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Thread: Tying Moss

  1. #1
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    Tying Moss

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    Hi, folks,

    Before, tying mosses to driftwoods or rocks was a simple matter. Then, there was only one aquarium moss - Java Moss (Taxiphyllum barbieri). To tie it to a piece of rock, simply spread the moss on the rock and wind a string around it. Any fool can do that

    Then we had Christmas Moss (Vesicularia montagnei). Not long after, Erect Moss (Vesicularia reticulata) was introduced to the aquaria scene. Then came the discovery that a moss which looked very much like Christmas was actually Singapore Moss (Vesicularia dubyana). Taiwan Moss (Taxiphyllum alternans) made its appearance not long later. A short after that, Oriental Plant Farm introduced Weeping Moss (Vesicularia ferriei) to us.

    With all these mosses, tying them to driftwoods or rocks was never a problem as their fronds were relatively large. But now, in the aquaria scene, we have some bryophytes with fronds that are so small tying them to a rock is no easy task.

    I asked Bioplast fish shop if they were willing to show us how they tie their bryophytes to rocks and driftwoods and Mr Tan, the owner consented. So here's a photo essay to show how they do it.

    First and foremost, you need the proper tools.


    Bioplast uses either string or fishing line. With rocks that have flat surfaces, fishing line is preferred.


    The moss used in this instance is Fissidens fontanus.


    Before tying the moss to the rock, Mr Tan transfers the fronds to a water basin. You can see from the picture that the leaves stand out clearly when the background is opaque.


    Mr Tan uses a tweezer to pick up the frond.


    He uses his other hand to lift the moss from the water.


    As you can see from the picture, the moss is well spreaded out when it's lifted in this manner.


    If the moss is simply picked up by the tweezer, it clamps into a bunch.


    Mr Tan uses the tweezer to spread the moss on to the surface of the rock. Take note that the tweezer is now holding the frond at the middle of the stems and not at the end of it.


    The fronds are laid side by side close together and pointing in the same direction. A dead knot is made somewhere in the middle of the rock.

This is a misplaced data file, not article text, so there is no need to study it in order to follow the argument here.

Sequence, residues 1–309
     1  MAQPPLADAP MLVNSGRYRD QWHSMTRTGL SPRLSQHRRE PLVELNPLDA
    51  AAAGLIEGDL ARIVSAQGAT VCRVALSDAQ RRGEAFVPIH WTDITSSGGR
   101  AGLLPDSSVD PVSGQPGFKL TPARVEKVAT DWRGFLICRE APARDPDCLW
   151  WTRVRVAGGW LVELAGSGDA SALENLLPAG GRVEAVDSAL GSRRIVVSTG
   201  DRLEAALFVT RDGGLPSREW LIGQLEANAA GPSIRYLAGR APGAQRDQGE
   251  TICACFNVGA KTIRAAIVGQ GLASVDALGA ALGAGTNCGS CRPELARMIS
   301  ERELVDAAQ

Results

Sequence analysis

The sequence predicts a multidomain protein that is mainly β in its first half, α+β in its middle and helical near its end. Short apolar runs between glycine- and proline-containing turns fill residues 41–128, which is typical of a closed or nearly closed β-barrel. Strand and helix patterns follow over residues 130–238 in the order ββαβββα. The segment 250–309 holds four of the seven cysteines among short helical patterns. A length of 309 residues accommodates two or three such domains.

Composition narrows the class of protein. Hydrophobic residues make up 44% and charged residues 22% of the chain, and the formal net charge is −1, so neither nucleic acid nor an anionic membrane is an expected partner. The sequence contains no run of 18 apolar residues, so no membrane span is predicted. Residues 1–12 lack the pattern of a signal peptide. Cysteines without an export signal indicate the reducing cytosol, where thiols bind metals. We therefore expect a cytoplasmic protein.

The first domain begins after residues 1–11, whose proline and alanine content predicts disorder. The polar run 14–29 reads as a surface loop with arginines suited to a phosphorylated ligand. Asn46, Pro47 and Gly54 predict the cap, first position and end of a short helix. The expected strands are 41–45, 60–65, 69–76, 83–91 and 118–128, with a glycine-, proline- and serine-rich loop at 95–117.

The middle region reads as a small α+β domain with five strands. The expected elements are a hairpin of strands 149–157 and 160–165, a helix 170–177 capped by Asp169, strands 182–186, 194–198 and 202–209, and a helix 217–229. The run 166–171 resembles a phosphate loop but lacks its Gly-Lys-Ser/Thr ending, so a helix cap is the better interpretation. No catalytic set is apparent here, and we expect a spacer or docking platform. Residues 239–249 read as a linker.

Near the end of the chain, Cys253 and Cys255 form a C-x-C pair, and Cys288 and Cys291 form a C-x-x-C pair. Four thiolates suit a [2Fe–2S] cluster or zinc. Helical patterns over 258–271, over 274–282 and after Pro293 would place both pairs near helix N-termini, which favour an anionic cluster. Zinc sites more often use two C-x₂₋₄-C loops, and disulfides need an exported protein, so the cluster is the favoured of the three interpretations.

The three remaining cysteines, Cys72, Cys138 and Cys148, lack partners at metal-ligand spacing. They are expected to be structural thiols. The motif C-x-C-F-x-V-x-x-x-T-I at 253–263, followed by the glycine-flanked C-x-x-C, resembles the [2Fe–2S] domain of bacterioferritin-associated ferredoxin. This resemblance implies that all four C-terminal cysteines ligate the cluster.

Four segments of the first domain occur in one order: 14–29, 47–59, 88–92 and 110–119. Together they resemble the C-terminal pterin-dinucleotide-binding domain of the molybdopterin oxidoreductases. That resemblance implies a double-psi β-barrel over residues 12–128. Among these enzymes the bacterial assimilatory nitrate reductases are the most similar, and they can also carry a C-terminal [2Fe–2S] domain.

You can't see it in the picture but Mr Tan keeps a good length with the loose end of the knot. This is so he can use this loose end to make another knot later.


    Every now and then, some water is sprayed on to the moss to keep it wet.


    The fishing line is wound around the rock.


    After the fishing line has been wound around the whole rock, Mr Tan makes another knot by tying the line to the loose end of the earlier knot.


    The fishing line is then cut. Mr Tan said it's not advisable to cut the line too close to the knot. This is because, over time, the knot may untangle itself.


    On completion, this is what it looks like:


    -----------------------------------------------------------------------

    The second example is to tie Mini-Pellia (Riccardia sp) to a volcanic rock.


    Some volcanic rocks have uneven surfaces. With such rocks, Mr Tan uses string instead of fishing line.


    Mini-Pellia is a liverwort with very brittle leaves. They come apart easily. A fishing line is likely to cut the leaves into small pieces, another good reason why a string is a better alternative.


    A dead knot is tied somewhere in the middle of the rock. Take note the length of the loose end.


    Mr Tan spreads out the Mini-Pellia on to the surface of the rock using a tweezer.


    He keeps the Mini-Pellia wet.


    After the surface of the rock has been completely covered, the string is wound around the rock.


    With Mini-Pellia, the string is wound close together as the leaves of the plant are very small.


    The knot is made at the back of the rock and the string is cut.


    Here's what the rock looks like on completion.


    ------------------------------------------------------------------

    Instead of tying with a string, a simpler method of getting the Mini-Pellia to grow on a rock is to cover the leaves with a piece of netting. This method works best if the surface of the rock is even.


    Just cover the rock with the netting.


    And wrap it around the rock. Tie the netting at the base of the rock and the job's done. This method, however, is for the amateurs With the professionals, they do it differently.


    First, the netting is cut to a size that fits the rock.


    A fishing line is threaded through one of the holes on the side of the netting and a knot is made.


    The surface of the rock is then covered with Mini-Pellia.


    The netting is then used to covered the rock and the fishing line is threaded through a hole on the other side.


    The line is pulled tight and threaded through several more holes at various parts of the netting.


    After the netting has securely covered the rock, a knot is made at the bottom of the rock.


    On completion, this is what it looks like. Isn't it more professional with this method?


    Loh K L

  2. #2
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    Wonderful How-to-do-it article! Especially the way how the professional wrap the netting to the rock--very invaluable; I used to just wrap the net on the rock and tie it, making a knot on the bottom, which makes a bumpy bottom. It will be even more prominent when it is done to a smaller rock.

    Great tips!

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    Thanks for the step-by-step guide. Great for anyone trying to tie their plants!

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    Great!